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Old 05-01-2000, 03:07 PM
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Anybody know where the term "little green men" came from?

I recently heard that it originated in some newspaper stories published in Evansville, IN, in Aug./Sep. 1955. This doesn't seem very plausible to me, although the timing on that is pretty good, since I have a slang dictionary that cites the OED as saying that the phrase (meaning space aliens) *does* originate from around 1955 (alhtough I can't find it in the OED!).

But in the Evansville articles, the term "little green men" is used by an Air Force "flying saucer specialist" who is clearly referring to phenomenon and reports he's already familiar with. "Of course," he says, "we've had all sorts of descriptions, but the majority vote is for small, green, luminous, smelly types. [I like this guy! -- m.] I don't doubt that the folks in Kentucky ... are sincere. But I still don't believe, after four years of investigation, that any space men have landed here. Still, people keep insisting they've seen little green men."

So it sounds to me like the Air Force itself came up with the phrase, after getting a number of diverse accounts. But it would be interesting to find some other, earlier published accounts. Anybody know of any? Or the use of the phrase in sci-fi before 1955?
Old 05-01-2000, 03:13 PM
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From this site:
Planet Mars in Popular Culture
Note on the origin of "little green men": This phrase is frequently used in 20th century English to refer to Martians or aliens. But where does it come from? In Edgar Rice Burroughs first book about Mars, A Princess on Mars, he describes the "green men of Mars" who reappear frequently in his other Martian novels. This is probably related to the origin of "little green men" although he never uses that exact phrase. The Oxford English Dictionary's first reference for "little green man" is actually from Kipling's 'Puck of Pook's Hill' (dated 1906). Its use here refers to an actual person who has been tattooed green, and so although it actually uses the phrase "little green man", it appears to be more descriptive than a reference to aliens. The next OED reference to "little green men" is not until 1961.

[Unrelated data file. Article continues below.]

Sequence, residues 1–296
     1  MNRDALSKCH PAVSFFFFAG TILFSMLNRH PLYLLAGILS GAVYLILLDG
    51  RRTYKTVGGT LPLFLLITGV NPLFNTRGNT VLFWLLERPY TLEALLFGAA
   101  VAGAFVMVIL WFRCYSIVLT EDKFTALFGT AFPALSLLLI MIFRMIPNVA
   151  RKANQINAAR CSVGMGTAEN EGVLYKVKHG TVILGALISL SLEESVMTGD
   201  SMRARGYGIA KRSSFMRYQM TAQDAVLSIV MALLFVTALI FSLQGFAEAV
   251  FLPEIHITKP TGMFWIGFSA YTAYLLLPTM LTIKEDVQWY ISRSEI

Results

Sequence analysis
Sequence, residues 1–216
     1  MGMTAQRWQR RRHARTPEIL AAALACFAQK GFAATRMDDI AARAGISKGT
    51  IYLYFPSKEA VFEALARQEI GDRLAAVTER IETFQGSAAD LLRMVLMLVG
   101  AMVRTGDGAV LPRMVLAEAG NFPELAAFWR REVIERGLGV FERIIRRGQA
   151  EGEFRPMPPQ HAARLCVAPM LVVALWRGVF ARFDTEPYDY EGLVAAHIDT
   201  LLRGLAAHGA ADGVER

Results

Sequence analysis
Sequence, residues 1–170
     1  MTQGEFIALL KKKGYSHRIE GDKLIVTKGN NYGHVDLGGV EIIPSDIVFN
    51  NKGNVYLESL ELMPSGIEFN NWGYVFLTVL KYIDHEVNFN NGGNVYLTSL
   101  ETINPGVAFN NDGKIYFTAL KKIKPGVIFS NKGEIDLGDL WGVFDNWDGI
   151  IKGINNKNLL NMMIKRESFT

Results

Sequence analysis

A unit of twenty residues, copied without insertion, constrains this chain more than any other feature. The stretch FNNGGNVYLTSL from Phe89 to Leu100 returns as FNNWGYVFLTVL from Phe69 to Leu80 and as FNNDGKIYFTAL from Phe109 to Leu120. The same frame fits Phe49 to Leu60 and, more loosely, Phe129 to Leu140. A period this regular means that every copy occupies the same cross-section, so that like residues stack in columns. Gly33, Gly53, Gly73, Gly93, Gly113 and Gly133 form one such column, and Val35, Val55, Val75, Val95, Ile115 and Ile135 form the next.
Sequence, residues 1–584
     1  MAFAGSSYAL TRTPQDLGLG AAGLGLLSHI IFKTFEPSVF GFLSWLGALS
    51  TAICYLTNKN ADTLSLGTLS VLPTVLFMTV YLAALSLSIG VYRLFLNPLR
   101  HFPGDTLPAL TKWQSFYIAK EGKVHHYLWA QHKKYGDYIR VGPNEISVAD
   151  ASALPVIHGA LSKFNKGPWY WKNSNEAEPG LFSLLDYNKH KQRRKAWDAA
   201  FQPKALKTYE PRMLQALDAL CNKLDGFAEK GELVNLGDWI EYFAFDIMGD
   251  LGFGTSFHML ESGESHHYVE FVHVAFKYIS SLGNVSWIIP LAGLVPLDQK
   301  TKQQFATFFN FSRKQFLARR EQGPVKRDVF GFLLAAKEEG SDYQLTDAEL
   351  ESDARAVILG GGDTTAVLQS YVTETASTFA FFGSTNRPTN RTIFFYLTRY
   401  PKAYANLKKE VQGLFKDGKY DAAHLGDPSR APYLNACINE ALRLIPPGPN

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Old 05-01-2000, 03:26 PM
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Just like to point out, folks, that Maralinn's multi-post of her topic (4 times) isn't necessarily her fault. About 5 or 10 minutes ago MY computer went through some kind of convulsion, too. A thread I had just posted to, while I was waiting to be taken back to the forum, disappeared totally, the "Page Not Found" window coming up and Refresh not working at all--brought me back to some blank "Pick your forum" page. Also, for the last 10 minutes or so, the board has been EXTREMELY slow, and I've timed out twice trying to load threads from GQ.

For future reference, Maralinn, always wait at least 15 minutes before you re-post. Even with the old software, and especially with the new-and-improved software, sometimes posts got stuck in the pipeline and took a while to show up.

BTW, they're called "little green men" because that's what they told us they wanted to be called.
Old 05-01-2000, 03:31 PM
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Ah, I misunderstood my slang dictionary. So it's not the OED that says 1950s, but the slang dictionary itself (though they don't give examples).

For the record, it's the Cassell Dictionary of Slang, ed. by Jonathan Green, 1998.

Okay, to reiterate, can anybody find the phrase "little green men" used before August 25, 1955 (which is the date of the Evansville, IN, newspaper quoting the Air Force guy)? A sci-fi usage would be fine.
Old 05-01-2000, 05:15 PM
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Anyone have a copy of C. S. Lewis' Out of the Silent Planet (1938) lying around? I think the martians are green in that one as well, but I can't remember if the phrase is used. I might be thinking about Perelandra, which came out in 1943.

Invasion of the Saucermen (1956) showcased the classic "Little Green Men" that were eventually recycled in Tim Burton's Mars Attacks. That film was based on a story called The Cosmic Frame, by Paul W. Fairman, published in 1953. I never read it. Anyone else?

By 1967 the term was so thouroughly in use that when radioastronomers discovered the first unusually regular signature of a pulsar, they named it LGM, short for--you guessed it.
Old 05-01-2000, 06:19 PM
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In Edgar Rice Burroughs first book about Mars, A Princess on Mars, he describes the "green men of Mars" who reappear frequently in his other Martian novels.
They may have been green, but they were by no means little, if memory serves me. I recall Burroughs's Martians being exceedingly tall, and with four arms to boot.

I do know that there was a bout of flying saucer hysteria in the U.S. circa 1953-55. People were spotting flying saucers all over the place (nobody outside the military called them UFOs in those days). A number of Hollywood films capitalized on the hysteria, and the image of saucer-shaped spacecraft entered the popular imagination, reinforced by these films (as well as Warner Brothers cartoons and the hugely popular science fiction comic books of the era).